The Ford story is hardly unique. Mercedes-Benz learned a similar lesson a decade ago when it overloaded E-Class models with pricey and complicated electronic controls that suffered from poor quality, recalls and consumer pushback, notes Automotive News.
BMW’s quality rankings also fell after it introduced a complicated communications system known as iDrive a decade ago, J.D. Power's Sargent told the publication. BMW has spent the last decade revising iDrive again and again, making it easier and less distracting to use.
“It is a risk to be a technology leader,” Sargent told Automotive News. “Even if the technology works as designed, consumers can feel frustrated by it and report problems with it because it’s not working the way they want it to. That’s a design flaw.”
The challenge for car makers is to manage thousands of potential quality problems in every vehicle sold. Consider the case of South Korea’s Hyundai. Under chairman Chung Mong-koo, Hyundai began a relentless drive to improve quality way back in 1999. Sweating the details has allowed Hyundai to transform its image from a laggard in quality and reliability to an industry leader in just over a decade. Lately, Hyundai has won top-tier recognition from J.D. Power and Associates, Consumer Reports and other third parties.
Yet consider the lengths to which Hyundai's best engineers have gone to address even the smallest quality issue. As Automotive News reports, customers from Australia were complaining that the printing on interior door trim items said to be inexplicably smearing like wet paint.
The culprit: a certain perfume brand was reacting with the ink-like solvent, causing it to smear. Even though Hyundai had heard of only two instances where this had happened, the company tested boxes of different perfumes to find the “offending fragrance that was acting like a solvent. Hyundai changed the ink formula and today still tests cars for reactions to perfumes.”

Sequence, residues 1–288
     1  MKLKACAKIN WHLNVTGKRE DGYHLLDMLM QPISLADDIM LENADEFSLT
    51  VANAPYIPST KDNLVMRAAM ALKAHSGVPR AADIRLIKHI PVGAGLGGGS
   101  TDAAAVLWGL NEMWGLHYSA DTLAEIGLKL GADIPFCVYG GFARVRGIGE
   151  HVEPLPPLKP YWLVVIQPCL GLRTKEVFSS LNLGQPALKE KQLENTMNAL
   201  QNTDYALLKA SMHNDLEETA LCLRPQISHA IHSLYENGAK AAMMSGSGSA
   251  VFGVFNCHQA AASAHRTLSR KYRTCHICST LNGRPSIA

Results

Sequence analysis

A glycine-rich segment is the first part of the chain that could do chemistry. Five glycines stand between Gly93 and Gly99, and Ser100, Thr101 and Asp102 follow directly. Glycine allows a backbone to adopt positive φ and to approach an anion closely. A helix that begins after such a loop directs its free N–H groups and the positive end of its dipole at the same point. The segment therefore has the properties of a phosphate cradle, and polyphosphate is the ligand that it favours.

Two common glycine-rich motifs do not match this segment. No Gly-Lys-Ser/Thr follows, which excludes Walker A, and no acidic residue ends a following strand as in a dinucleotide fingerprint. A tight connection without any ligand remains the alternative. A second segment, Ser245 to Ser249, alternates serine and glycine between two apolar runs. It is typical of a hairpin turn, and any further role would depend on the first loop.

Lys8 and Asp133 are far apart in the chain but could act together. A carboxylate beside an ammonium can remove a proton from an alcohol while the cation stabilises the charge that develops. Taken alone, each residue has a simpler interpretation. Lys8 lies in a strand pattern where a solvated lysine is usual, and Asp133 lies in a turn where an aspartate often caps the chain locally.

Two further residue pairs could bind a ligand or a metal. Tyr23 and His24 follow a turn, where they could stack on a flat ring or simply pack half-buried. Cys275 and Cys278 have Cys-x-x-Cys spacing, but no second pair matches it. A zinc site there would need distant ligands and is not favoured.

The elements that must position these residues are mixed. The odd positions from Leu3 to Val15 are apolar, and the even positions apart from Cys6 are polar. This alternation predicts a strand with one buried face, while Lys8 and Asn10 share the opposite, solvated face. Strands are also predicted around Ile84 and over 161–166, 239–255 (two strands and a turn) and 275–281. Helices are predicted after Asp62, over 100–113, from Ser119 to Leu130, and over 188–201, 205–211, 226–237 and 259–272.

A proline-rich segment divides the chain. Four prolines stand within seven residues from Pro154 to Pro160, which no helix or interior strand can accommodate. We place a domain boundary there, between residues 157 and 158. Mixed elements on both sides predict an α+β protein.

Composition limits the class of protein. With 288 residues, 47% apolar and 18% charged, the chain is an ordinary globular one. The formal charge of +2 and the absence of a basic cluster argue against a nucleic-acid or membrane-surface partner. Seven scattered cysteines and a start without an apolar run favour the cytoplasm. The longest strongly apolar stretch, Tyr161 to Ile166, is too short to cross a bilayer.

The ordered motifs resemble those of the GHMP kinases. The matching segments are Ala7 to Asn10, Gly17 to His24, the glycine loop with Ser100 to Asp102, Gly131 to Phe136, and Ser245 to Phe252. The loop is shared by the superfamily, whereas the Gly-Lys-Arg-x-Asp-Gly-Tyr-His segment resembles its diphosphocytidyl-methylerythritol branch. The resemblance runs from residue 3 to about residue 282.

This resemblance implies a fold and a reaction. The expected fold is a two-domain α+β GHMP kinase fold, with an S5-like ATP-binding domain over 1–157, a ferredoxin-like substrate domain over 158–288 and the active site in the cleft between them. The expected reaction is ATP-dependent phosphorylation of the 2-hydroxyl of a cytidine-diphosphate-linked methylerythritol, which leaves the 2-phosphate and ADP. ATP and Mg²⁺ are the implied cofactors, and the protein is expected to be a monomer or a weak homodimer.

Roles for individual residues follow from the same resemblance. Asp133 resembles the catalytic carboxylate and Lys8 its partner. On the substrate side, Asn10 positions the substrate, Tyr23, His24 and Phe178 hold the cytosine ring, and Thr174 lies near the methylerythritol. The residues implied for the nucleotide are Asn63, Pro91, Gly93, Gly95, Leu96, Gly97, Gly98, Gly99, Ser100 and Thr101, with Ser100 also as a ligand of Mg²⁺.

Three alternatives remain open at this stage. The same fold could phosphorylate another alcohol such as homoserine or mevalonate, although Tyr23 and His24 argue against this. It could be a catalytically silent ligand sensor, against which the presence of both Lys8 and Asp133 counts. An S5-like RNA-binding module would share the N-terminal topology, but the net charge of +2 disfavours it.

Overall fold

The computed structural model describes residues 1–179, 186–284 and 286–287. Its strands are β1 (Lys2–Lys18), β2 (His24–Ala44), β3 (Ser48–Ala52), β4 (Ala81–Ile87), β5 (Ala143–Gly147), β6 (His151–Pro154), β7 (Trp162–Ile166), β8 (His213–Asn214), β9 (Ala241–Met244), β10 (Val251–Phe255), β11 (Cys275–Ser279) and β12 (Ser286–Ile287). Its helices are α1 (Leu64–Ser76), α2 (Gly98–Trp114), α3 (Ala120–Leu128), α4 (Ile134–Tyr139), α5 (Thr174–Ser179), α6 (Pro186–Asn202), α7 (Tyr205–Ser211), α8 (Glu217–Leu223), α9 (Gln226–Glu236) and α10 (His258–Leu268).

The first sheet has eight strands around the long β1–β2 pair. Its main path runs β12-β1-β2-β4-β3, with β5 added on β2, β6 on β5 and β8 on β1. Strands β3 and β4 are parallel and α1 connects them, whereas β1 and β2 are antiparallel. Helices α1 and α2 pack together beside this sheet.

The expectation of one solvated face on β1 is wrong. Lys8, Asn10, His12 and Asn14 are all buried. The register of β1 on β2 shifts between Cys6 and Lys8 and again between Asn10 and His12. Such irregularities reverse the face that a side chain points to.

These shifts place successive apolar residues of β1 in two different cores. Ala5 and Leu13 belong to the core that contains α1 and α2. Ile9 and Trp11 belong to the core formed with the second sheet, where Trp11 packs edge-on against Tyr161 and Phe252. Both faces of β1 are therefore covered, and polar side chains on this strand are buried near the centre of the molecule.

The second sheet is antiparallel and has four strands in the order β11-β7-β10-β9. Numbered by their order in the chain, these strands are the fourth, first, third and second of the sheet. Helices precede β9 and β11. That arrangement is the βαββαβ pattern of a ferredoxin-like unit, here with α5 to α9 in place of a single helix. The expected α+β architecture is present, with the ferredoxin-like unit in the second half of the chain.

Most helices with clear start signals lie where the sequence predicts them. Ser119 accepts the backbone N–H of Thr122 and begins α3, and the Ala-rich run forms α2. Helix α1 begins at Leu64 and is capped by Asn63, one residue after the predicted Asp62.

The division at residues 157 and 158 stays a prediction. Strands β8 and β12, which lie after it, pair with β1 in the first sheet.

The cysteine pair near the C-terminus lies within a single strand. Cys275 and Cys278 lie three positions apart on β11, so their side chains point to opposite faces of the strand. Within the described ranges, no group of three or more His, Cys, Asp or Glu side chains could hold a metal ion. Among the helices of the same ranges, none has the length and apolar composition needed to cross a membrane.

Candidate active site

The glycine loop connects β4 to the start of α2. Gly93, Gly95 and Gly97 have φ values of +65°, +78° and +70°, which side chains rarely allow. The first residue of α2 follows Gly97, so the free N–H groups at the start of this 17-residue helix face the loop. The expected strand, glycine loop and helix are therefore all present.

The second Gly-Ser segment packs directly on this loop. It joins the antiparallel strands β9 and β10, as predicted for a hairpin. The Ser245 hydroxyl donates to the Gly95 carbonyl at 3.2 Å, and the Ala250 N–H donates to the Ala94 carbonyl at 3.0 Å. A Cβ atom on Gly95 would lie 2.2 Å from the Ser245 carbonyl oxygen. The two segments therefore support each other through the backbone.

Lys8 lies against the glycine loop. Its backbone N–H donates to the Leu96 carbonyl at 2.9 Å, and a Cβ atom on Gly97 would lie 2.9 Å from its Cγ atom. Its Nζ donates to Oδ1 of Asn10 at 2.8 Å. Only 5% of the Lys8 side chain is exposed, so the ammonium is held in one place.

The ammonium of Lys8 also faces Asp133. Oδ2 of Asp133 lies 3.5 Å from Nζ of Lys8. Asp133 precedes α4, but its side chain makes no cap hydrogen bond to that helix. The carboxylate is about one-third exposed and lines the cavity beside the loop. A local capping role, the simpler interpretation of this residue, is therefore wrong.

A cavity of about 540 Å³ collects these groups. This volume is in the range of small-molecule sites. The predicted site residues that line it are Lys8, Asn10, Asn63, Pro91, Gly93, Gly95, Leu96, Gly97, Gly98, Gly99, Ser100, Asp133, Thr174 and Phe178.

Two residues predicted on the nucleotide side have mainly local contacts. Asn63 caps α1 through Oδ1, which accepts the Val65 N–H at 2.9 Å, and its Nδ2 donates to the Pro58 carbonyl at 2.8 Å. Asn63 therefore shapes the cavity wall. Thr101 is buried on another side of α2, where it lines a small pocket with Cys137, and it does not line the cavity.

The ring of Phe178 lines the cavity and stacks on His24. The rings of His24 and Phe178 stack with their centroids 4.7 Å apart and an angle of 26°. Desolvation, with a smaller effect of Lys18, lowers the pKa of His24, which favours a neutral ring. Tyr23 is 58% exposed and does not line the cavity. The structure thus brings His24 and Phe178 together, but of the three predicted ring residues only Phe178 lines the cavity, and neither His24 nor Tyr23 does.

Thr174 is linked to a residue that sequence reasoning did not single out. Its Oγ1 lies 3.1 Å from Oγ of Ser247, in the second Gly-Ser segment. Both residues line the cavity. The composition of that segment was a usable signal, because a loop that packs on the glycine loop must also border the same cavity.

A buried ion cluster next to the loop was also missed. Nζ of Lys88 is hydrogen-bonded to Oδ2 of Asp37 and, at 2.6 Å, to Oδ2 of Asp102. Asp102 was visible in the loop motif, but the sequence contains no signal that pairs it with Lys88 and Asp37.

Nonetheless, despite the focus on quality, in 2011 Hyundai tumbled in the IQS, falling to No. 11 from No. 7 in 2010 and No. 4 in 2009. Hyundai explained the slip by noting the company had launched several new models over the past two years, including the Genesis Coupe, the Elantra compact and Sonata sedan. Still, Hyundai managed to crack the top 10 for the first time in Power's Vehicle Dependability Study (VDS), another closely followed quality study.
From Ford to Hyundai, auto makers must now make sure their vehicles don't break down, while also addressing so-called “soft quality” issues and customer perception of quality, too. Perceived quality is largely a function of how vehicles feel to the touch, how components fit, how they look in terms of finish and how easy and intuitive controls are for customers to operate.
None of this is easy and every bit of it is vital. As the independent North American Quality Advisory Panel hired by Toyota to assess its problems noted in its May 23 report: “Design quality issues, and drivers’ complaints about them, will increasingly differentiate manufacturers in independent quality ratings.
“Avoiding these kinds of design problems is becoming more and more important to a vehicle's acceptability. Avoiding such design quality problems requires monitoring systems to not only hear customers’ voices but also to listen to them.”
That’s why for Globe Drive's look at the best-quality vehicles we considered the results of five separate quality studies – from J.D. Power's short-term IQS, to Power's three-year VDS, as well as the Total Quality Index from Strategic Vision, the so-called things gone right APEAL study from J.D. Power, and, of course, Consumer Reports.
To earn a nod on our list of best-quality vehicles, a model must be named among the leaders in at least two of the five studies – no small feat. Very few of the vehicles on our list got the nod in more than two studies, in fact.
So take note of the Honda Fit subcompact, which was a top pick in four studies, as were the Honda Ridgeline pickup, Honda Odyssey minivan and Ford F-150 pickup. These, if you believe the research, are the best of the best.